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FAR Ltd received a good level of interest in the sale of its 15% stake in the $4.2 billion Sangomar oil and gas project being developed offshore Senegal. In March, FAR could not secure debt to fund the more than $300 million it needs for its share of the project after global oil prices collapsed amid the coronavirus pandemic. The company defaulted on its project contributions in June and noted it would forfeit its interest without compensation if obligations were not fulfilled within six months.
FAR stated it would continue to cease making payments to conserve cash. “As time progresses and global markets continue to be stressed, there remains uncertainty around FAR’s ability to conclude a financing option. At this point, a sale or partial sale is a more likely outcome. FAR has run data rooms for this purpose and has had a good level of interest,” stated Cath Norman, FAR’s Managing Director.
Cairn Energy holds 40% of Sangomar, Woodside 35%, and Senegal’s national oil company Petrosen 10%, which it has the right to increase to 18%. In a further effort to save cash, FAR said it is looking to bring in a partner for its Gambian assets before proceeding with drilling at the project in 2021.
Alhaji Mele Kyari, Group Managing Director of the Nigerian National Petroleum Corporation (NNPC), encouraged the new board members of NNPC’s downstream subsidiary, Petroleum Products Marketing Company (PPMC), to ensure consistent availability of all products across the country, during their inauguration.
He stated that PPMC is the live wire of Nigeria’s energy supply system, a vital asset that is critical to the delivery of the corporation’s responsibility of energy sufficiency to the nation. Alhaji Kyari urged members of the new Board to guide the company’s management in deepening its focus on commerciality for greater value addition to shareholders.
He also thanked the management of PPMC for its encouraging performance, which was reported in the audited financial statement, stating that they should aim for an improved result in the coming year.
Major player in the global liquefied natural gas (LNG) sector that harnesses Nigeria’s vast natural gas resources and produces LNG and natural gas liquids for export, Nigeria Liquefied Natural Gas (NLNG) Limited, has donated $150,000 worth of medical equipment to the Bayelsa State government in a bid to combat the COVID-19 pandemic, as part of its social responsibility. Dr. Peter Akpe, Deputy Chief of Staff stated that the already strong relationship between the state and the organization is set to grow even stronger, considering the huge gas deposits being exploited in the state. Iyono Fatai-Williams, General Manager, External Relations of NLNG, said the donation was part of the NNPC – oil industry joint intervention to support the state Ministry of Health and the Niger Delta University Teaching Hospital in the fight against the pandemic.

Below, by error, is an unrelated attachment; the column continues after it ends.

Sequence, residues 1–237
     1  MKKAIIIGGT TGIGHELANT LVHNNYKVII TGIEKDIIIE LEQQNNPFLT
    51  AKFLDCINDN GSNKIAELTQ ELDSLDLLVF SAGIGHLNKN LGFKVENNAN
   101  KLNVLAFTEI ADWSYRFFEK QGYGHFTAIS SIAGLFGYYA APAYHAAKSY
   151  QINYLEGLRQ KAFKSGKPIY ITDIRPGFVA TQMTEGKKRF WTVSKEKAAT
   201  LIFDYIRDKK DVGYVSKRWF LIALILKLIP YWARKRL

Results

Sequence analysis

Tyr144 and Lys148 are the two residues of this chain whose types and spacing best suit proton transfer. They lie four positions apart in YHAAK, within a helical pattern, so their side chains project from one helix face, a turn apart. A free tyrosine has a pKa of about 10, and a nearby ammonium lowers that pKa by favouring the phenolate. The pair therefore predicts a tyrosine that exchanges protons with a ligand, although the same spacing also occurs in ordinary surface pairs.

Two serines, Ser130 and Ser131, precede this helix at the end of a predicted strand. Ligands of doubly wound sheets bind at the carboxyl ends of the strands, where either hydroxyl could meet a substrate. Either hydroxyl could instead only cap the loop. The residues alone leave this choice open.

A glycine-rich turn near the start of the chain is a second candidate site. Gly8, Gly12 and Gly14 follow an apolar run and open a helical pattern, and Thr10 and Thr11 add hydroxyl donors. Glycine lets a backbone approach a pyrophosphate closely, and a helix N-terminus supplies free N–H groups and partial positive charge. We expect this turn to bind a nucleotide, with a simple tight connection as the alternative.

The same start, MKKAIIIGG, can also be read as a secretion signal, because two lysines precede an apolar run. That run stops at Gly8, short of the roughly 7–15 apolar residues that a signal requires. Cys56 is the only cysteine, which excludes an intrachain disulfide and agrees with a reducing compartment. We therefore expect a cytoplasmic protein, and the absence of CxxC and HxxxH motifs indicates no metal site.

On Thursday 16 July, crude prices fell 1% reacting to the decision by the Organization of the Petroleum Exporting Countries and allies (OPEC+) from a day earlier to rollback 20% of production cuts that it had maintained since the start of May 2020. The U.S. West Texas Intermediate crude futures were down 1.0% at $40.77 a barrel at 9:15 AM ET (13:15 GMT), while Brent crude futures were down 0.7% at $43.48 a barrel. The U.S. Energy Information Administration’s weekly report for Wednesday 15 July showed a fall in crude oil inventories by 7.5 million barrels to 531.7 million barrels from the week ending 10 July, against analysts’ forecast of a draw of 2.098 million barrels.
The Joint Ministerial Monitoring Committee said on Wednesday 15 July that 7.7 million barrels a day (bpd) will be withheld from the market from August onward, compared with the 9.6 million bpd in July. Some say that a 2-million-barrel reduction in OPEC cuts could go a long way in negating weekly draws in U.S. crude. Saudi Arabia’s Minister of Energy, H.E. Prince Abdulaziz bin Salman said he was confident the extra supply would be easily absorbed by the market as demand recovers. Others are less convinced by the strength of the pick-up in consumption. The pace of oil-demand improvements is starting to slow, driven by a sharp pullback in the U.S., according to Goldman Sachs Group Inc. OPEC+ plans to intensify back output cuts further to 5.8 million bpd between January 2021 and April 2022.